Simon spent more than a week in angry isolation upon the land that he had bought for his now lost love. The supply of food that his men had left him had remained virtually untouched, for he had spent his time drinking from the keg of ale that had been left with it. When he was not drinking, he was sleeping the deep, fogged slumber of the drunken, only to awaken to the need for more ale to quench the burning ache of his heart that threatened to consume him. The keg could not hold forth its precious fluid forever and quickly spent its worth, leaving Simon parched and sober, unable to escape in its solid fumes from the torment of his soul. It was then that he realized his mistake in giving in to his grief. Forced to feel, he was then forced to think. He had always been a man of action, and he was disgusted by his cowardly selfishness that had wasted such precious time.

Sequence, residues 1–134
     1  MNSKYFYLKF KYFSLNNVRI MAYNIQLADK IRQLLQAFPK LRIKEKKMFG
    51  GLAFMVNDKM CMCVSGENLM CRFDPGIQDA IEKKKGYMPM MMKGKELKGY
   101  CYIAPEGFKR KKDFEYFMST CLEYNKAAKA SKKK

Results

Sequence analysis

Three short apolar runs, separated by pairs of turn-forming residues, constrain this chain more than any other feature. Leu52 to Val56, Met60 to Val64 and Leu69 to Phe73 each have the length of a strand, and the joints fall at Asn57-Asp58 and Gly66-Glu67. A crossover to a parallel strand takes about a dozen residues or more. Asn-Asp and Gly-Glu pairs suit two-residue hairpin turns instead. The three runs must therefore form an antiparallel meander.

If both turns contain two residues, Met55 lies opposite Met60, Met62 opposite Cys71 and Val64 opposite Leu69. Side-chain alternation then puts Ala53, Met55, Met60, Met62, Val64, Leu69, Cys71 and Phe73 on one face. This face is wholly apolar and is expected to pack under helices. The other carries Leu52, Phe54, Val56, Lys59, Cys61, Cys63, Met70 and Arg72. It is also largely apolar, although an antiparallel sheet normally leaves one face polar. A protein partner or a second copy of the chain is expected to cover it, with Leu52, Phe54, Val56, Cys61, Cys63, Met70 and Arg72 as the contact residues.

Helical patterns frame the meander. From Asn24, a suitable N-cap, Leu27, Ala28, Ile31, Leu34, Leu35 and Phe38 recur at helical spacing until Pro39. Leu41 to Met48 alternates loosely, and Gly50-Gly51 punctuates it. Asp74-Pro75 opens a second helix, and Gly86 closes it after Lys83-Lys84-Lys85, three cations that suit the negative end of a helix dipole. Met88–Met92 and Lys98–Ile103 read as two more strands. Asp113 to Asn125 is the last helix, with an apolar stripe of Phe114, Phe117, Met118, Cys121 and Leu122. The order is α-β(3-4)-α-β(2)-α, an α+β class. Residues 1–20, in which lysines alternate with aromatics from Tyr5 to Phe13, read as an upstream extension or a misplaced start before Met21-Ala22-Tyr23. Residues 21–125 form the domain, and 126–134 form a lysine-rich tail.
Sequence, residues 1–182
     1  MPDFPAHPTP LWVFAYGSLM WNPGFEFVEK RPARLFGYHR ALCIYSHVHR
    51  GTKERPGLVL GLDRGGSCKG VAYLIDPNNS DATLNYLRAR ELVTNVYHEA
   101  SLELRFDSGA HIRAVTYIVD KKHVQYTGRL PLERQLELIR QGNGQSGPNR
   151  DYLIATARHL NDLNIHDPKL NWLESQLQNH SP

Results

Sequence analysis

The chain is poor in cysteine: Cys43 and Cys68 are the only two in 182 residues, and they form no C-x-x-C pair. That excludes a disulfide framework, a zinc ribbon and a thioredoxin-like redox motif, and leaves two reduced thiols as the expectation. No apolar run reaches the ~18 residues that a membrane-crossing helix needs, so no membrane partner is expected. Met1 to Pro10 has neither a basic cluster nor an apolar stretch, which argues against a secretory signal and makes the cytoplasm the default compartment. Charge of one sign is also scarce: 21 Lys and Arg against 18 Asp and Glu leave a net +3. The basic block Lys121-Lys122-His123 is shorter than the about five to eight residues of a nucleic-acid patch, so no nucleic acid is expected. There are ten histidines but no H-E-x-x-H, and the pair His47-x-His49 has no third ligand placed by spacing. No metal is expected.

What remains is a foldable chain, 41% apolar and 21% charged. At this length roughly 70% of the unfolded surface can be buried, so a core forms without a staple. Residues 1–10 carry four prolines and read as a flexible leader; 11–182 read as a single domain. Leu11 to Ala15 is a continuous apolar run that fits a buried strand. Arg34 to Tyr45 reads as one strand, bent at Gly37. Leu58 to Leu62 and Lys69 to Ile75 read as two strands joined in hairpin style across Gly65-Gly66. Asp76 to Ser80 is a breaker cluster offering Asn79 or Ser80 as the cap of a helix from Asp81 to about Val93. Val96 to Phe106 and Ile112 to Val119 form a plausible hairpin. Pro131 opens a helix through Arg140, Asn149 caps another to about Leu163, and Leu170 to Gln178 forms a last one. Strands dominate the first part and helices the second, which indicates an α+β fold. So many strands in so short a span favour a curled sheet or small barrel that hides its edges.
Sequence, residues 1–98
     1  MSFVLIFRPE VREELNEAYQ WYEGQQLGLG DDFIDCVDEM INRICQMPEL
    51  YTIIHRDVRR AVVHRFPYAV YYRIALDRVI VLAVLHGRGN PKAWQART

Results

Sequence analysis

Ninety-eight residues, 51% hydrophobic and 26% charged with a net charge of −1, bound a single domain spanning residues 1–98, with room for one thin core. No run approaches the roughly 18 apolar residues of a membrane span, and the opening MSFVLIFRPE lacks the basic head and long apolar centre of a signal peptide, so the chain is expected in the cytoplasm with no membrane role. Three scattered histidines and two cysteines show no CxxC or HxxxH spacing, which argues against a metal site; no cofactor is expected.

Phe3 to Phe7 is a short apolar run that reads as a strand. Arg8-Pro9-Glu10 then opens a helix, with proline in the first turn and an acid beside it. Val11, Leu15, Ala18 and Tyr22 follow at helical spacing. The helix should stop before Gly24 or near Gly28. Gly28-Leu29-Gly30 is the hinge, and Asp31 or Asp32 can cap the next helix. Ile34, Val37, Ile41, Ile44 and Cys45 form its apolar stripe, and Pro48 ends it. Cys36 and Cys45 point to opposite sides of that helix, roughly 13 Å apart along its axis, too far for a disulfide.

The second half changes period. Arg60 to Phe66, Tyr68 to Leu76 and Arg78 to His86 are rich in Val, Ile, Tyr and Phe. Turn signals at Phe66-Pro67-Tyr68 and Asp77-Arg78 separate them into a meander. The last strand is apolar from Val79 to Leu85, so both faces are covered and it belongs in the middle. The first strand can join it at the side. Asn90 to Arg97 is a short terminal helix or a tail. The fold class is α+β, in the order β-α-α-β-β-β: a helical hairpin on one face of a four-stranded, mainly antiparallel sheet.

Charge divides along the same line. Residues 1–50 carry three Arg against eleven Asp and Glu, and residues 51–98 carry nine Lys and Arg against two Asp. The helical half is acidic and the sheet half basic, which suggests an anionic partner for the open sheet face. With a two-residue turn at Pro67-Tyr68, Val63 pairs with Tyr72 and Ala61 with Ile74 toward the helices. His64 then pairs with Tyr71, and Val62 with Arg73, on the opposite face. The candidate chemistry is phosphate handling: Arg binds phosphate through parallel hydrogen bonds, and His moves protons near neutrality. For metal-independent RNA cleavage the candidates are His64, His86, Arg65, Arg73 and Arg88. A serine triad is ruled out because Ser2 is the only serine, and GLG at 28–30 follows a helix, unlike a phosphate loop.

Simon saddled Silvering on the eighth morning after Leigha’s capture, intent on traveling west along the shoreline of the Gulf of Almirou to the city of Rethimon, where he planned to then make arrangements for passage to Constantinople. He was certain that she would be taken to that slave capital as her beauty was great enough for the sultan himself. Leaving his own horse to graze and go wild, he rode upon Silvering, finding some comfort with the beast that held so many memories of his lovely Leigha. He did not look back as he left his ruined haven; his mind and body were bent on the single purpose of finding a ship to take him to where he thought Leigha would be and to rescue her as quickly as he could from the barbarians that had seized her so brutally from his life. His head now clear of all fumes and tormented dreams, he rode as the warrior that he was on perhaps the greatest mission of his life.
Virginia Lee – “Dagon’s Blood” – Kindle Edition